Finsteres Glück, translated as Dark Fortune, follows Eliane Hess (Eleni Haupt), a psychologist who gets called to the hospital late at night. Eight-year-old Yves (Noé Ricklin) was just in a car accident, which claimed the lives of his parents and siblings. Eliane’s personal life is falling apart. Both her daughters, Alice (Chiara Clara Bär) and Helen (Elisa Plüss) have become quite distant, she throws herself into this latest case and feels drawn to the boy.
As Eliane attempts to suss out the details of what caused the accident and how it has affected Yves, the boy’s aunt goes the legal route to get custody of her nephew. Eliane has discovered how the constant fighting of Yves’s parents has stressed the young boy out. As such, she is staunchly opposed to him going to his aunt and takes the child into her home. Eliane’s youngest daughter sees this as a bit of an intrusion but warms up to Yves. All the while, the legal battle for Yves tears Eliane apart, as she slowly uncovers more about the day of the accident.
Swiss writer-director Stefan Haupt adapts Dark Fortune from the Lukas Hartmann novel of the same name, and something has been lost in translation. The biggest drawback to the film is a distinct lack of stakes or urgency. The drama with Eliane and her daughters is weak and never really amounts to anything. Near the end of the movie, Yves is crying and the elder daughter, Helen, gets out of the car and starts running away. This comes out of nowhere and makes no sense, especially given how levelheaded and calm she has been the rest of the movie. She tells her mother that she just can’t take it anymore. What exactly it is that she can’t take is somewhat elusive. Is it the horrible stories of the cases her mom works on that is driving her mad? Is it how her mom connects with a stranger better than herself? The film gives the audience no clues as to what drives Helen, so what set her off is a mystery.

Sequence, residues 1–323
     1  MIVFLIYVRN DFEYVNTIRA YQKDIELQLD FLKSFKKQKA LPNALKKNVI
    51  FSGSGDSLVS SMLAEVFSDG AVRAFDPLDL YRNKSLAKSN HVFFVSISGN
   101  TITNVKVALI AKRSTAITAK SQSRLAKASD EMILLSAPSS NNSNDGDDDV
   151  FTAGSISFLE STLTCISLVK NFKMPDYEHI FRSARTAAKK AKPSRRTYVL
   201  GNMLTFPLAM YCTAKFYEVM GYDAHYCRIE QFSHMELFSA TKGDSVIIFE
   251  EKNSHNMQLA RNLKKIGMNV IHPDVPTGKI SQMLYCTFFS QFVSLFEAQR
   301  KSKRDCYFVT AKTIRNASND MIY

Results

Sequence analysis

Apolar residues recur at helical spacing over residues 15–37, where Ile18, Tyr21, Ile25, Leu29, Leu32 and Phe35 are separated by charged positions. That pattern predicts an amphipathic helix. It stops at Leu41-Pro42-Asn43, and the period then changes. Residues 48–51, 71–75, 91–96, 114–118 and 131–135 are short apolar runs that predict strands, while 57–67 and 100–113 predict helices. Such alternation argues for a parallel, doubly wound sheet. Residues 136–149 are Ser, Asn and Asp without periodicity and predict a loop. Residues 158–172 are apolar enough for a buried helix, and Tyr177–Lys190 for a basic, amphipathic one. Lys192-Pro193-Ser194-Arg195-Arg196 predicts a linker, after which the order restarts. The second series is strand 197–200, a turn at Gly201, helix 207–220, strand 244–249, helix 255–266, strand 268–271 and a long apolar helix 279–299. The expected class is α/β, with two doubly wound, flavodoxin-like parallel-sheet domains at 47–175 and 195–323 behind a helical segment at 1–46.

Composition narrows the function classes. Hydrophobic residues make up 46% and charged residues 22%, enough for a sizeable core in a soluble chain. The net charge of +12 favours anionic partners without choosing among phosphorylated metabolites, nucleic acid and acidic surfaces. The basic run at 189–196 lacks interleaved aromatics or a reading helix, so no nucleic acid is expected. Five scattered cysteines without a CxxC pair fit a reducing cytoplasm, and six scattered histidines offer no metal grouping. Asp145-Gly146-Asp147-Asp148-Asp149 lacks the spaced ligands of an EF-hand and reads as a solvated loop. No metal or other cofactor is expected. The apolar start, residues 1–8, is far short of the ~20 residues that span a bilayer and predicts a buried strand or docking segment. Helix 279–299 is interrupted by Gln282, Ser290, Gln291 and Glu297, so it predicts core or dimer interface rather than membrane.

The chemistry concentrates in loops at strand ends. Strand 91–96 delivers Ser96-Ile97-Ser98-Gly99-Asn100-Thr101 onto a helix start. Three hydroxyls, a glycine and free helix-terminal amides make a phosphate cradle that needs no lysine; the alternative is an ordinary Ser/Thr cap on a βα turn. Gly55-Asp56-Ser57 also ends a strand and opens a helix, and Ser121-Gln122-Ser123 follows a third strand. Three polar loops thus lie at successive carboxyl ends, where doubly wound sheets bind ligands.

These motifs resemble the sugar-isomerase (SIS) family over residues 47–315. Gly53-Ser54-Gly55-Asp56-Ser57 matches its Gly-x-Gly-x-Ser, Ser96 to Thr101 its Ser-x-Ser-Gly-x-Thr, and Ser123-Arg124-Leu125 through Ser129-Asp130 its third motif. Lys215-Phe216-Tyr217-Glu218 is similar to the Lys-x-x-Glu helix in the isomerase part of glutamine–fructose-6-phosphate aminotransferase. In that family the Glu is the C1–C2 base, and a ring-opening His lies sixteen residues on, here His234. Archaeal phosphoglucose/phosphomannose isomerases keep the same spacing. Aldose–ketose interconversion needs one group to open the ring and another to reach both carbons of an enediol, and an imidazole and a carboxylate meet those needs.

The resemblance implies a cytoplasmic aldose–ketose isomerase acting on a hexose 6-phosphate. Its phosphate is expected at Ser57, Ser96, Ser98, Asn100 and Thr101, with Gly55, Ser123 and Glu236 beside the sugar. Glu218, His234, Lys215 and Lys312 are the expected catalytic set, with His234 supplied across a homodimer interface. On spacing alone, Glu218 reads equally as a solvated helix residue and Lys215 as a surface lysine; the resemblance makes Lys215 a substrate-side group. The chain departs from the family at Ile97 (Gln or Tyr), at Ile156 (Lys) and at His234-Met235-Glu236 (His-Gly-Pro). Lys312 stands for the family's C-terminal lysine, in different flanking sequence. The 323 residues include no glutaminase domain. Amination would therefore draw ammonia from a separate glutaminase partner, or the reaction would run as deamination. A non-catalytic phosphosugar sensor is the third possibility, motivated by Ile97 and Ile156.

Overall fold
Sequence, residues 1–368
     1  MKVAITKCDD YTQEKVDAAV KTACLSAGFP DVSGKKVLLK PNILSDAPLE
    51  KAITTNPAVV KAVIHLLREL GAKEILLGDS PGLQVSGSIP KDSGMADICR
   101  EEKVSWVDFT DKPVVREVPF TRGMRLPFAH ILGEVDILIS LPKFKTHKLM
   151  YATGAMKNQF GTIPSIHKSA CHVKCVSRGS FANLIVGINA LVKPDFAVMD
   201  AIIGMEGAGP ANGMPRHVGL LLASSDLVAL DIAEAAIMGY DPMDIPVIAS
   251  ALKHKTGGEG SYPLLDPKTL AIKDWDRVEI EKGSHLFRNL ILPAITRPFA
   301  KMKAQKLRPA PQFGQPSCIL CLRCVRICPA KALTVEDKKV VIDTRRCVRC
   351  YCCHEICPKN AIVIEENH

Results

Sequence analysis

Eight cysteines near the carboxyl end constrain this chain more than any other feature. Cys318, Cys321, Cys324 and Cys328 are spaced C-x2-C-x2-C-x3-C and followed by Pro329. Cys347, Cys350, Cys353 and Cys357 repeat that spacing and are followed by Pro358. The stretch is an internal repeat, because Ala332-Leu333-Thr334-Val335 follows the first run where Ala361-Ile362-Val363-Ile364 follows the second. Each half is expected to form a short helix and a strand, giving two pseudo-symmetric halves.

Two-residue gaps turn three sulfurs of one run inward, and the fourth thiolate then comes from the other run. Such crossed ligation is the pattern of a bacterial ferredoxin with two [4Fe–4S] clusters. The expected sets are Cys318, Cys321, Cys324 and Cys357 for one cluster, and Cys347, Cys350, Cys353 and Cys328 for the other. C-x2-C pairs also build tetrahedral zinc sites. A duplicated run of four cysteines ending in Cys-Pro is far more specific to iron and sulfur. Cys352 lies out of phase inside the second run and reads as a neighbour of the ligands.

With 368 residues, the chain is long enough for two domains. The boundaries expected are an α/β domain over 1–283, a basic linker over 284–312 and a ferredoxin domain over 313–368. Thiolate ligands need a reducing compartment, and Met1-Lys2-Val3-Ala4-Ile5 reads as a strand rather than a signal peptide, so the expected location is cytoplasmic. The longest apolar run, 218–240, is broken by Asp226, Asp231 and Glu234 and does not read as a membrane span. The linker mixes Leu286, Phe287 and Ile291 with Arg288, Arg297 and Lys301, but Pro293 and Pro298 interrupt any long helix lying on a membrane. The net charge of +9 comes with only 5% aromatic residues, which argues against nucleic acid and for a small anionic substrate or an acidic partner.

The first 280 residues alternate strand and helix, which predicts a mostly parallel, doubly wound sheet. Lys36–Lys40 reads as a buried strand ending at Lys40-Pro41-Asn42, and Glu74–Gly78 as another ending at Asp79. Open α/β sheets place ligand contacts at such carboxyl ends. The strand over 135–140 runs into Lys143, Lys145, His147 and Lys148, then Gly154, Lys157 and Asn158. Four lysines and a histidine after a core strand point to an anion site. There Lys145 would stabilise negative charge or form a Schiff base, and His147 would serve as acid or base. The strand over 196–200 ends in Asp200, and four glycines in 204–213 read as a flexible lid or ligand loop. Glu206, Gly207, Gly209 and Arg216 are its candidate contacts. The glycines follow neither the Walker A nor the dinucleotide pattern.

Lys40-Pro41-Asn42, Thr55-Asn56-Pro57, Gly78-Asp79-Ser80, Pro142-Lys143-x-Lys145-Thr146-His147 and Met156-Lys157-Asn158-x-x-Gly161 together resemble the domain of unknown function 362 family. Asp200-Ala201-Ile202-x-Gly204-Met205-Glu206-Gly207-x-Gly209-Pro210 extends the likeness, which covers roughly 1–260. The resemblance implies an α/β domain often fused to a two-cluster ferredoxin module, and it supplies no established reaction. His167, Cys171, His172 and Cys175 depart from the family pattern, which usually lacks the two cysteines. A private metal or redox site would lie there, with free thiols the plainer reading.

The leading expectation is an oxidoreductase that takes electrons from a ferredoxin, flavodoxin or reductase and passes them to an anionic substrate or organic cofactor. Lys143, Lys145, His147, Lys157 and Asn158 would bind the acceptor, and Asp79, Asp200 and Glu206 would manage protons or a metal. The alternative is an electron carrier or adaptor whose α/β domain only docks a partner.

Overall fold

“Eliane’s personal life is falling apart…feels drawn to the boy.”
The rest of the characterizations are just as thin. Yves’s aunt is just a cartoon of rage when railing against Eliane and how she looks after the boy. There is no nugget of reality to buy into her wanting her nephew. Given the aunt only appear three or four times, she is not in Dark Fortune enough to have a motivation or a compelling arc. This makes what is supposed to be one of the big emotionally cathartic scenes be a hollow void of nothing, The whole film has this inert quality about it, failing to reel in the audience.
One of the culprits for this disconnect is the acting. Individually everyone does a decent enough job, yet they don’t mesh well as a whole unit. Haupt does not share chemistry with the young Ricklin, so her attachment to Yves does not come across very strongly. Neither does she comes across as authentic with Plüss or Bär, as they all feel like they’ve come in from different movies. It is not just Haupt though, as no one in the cast believably interacts with anyone else at any point.
The kicker here is that the movie is well shot. Tobias Dengler’s cinematography creates a full emotional range via the visual language of the film. Eliane opens the door to the laundry room and sees a backlight, via flashlight, Yves talking to a stuffed animal about his new family. Her cloaked in shadow and him this silhouetted figure with light engulfing him is a great visual metaphor for the core relationship of Dark Fortune.
“…Dengler’s cinematography creates a full emotional range via the visual language of the film.”
Eliane’s life is not what she dreamed, and she feels trapped. She thinks that Yves is someone that can help her feel like herself again; thus he is a light for her. Yves himself is a fun loving child, yet he lacks crucial details of his life. He cannot remember the accident very well, despite remembering other events that day (such as seeing the eclipse). Thus, he is represented by a humanoid figure, in this case, his silhouette yet does not appear whole. If the rest of the movie took this kind of care toward the characters and plot, this would be a much more enriching watch.
Dark Fortune is well shot yet lacks in a lot of other respects. The characters never seem to have a life of their own, the actors don’t share any chemistry, and the dramatic arc of the story fails to engage the viewer. The movie is not terrible, though it is not worth your time either.
Dark Fortune (2018) Directed by Stefan Haupt. Written by Stefan Haupt. Starring Eleni Haupt, Noé Ricklin, Elisa Plüss, Chiara Clara Bär, Martin Hug.
5 Eclipses (out of 10)